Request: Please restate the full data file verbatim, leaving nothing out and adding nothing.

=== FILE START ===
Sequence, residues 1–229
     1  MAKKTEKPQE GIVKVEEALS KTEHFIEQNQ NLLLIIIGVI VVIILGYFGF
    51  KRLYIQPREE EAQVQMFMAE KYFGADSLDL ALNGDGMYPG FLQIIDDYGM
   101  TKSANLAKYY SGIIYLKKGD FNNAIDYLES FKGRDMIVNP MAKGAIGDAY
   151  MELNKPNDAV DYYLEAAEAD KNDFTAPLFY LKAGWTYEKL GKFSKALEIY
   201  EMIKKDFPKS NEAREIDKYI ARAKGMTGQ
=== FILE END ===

Sequence, residues 1–229
     1  MAKKTEKPQE GIVKVEEALS KTEHFIEQNQ NLLLIIIGVI VVIILGYFGF
    51  KRLYIQPREE EAQVQMFMAE KYFGADSLDL ALNGDGMYPG FLQIIDDYGM
   101  TKSANLAKYY SGIIYLKKGD FNNAIDYLES FKGRDMIVNP MAKGAIGDAY
   151  MELNKPNDAV DYYLEAAEAD KNDFTAPLFY LKAGWTYEKL GKFSKALEIY
   201  EMIKKDFPKS NEAREIDKYI ARAKGMTGQ